ITEMS: The Iliad and Odyssey of Homer, translated into English blank verse by W. Cowper. In two volumes, London: printed for J. Johnson, 1791
Volumes One and Two: Paper is generally sound, with some detachment of leaves at the first folio of the first volume. Both volumes have been repaired before at least once, probably at some time in the mid twentieth century. The boards are covered in very thin calf with unusual decoration– possibly an early example of tree calf? (According to Middleton’s History of English Craft Bookbinding Technique, ” The earliest example (of tree-marbling) noted by Mr Graham Pollard cannot be dated before 1775… by 1796 it was well known in the trade.”) As these books were printed in 1791, and not necessarily bound that year though likely within a few years after, it does seem possible to me that they are an early example of tree-marbling. Some water damage to the paper at the spine, and there are darkened areas in the leather where there appear to be liquid spills. Along the spine edges of all boards, the leather has darkened, probably from the adhesive used in the previous repair. Boards are quite worn at all corners, where there is significant loss to the leather in certain areas. The edges of the boards are tooled in gold with a slanted-line pattern.
Volume One: Front board detached, rear board attached with a wide strip of black cloth tape from the inner hinge. Most of spine is missing except for black title label, and some pressure- sensitive tape exists at the head. Two dark stains on the front board, and small areas of staining on the rear board possibly due to contact with water.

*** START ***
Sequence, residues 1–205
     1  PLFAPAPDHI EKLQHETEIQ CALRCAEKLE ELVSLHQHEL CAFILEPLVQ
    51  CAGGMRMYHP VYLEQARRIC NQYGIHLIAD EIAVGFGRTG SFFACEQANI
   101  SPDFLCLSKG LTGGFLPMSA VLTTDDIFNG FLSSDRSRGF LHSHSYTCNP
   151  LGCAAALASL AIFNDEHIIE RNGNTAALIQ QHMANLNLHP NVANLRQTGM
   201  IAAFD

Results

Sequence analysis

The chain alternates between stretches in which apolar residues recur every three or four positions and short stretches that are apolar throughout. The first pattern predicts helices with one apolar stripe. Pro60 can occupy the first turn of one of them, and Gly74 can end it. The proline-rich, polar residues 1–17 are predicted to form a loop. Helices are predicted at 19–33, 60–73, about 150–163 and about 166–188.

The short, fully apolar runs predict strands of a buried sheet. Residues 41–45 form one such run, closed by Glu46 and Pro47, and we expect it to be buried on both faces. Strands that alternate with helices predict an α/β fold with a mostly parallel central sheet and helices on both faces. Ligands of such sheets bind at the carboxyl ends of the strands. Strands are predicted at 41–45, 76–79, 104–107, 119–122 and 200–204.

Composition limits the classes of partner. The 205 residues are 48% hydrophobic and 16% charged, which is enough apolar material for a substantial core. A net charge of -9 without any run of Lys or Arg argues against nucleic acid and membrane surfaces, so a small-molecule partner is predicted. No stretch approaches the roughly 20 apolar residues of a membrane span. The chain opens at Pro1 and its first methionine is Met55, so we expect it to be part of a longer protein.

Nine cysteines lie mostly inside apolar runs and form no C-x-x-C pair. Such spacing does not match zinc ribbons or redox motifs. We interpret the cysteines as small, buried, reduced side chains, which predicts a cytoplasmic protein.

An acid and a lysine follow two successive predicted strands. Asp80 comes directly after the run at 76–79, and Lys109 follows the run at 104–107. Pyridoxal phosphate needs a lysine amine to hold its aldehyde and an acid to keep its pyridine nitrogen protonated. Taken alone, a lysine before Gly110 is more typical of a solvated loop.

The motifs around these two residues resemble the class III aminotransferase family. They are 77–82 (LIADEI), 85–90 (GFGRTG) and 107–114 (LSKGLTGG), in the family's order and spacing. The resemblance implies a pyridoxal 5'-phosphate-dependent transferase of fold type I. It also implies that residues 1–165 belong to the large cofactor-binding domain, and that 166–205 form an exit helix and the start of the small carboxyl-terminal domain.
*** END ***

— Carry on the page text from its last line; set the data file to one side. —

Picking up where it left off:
Volume Two: Lots of opaque brown pressure- sensitive tape firmly adhered to the spine and black cloth tape on both front and rear inner hinges. No titling survives with this volume.
Leather reback, wherein new leather is placed over the spine and joins the two boards; aerolinen is used for strong board attachment. New title labels will be made on leather in a typeface more closely matching that of the text. The boards’ corners will be injected with wheat paste as a stiffening agent, and areas of loss will be rebuilt and covered with kozo tissue toned to match the original leather cover.
All tape will be removed and any staining will be reduced as much as possible.
- After covering with the new leather, I created a new title label slightly more harmonious with the typeface used in the text than the sans- serif one made for the books when they were repaired earlier, probably some time in the 1950s. As this was more of a conservation job than a restoration one, I did add bands to the spine, but I did not do any tooling or decorative work as probably would have been on the book originally.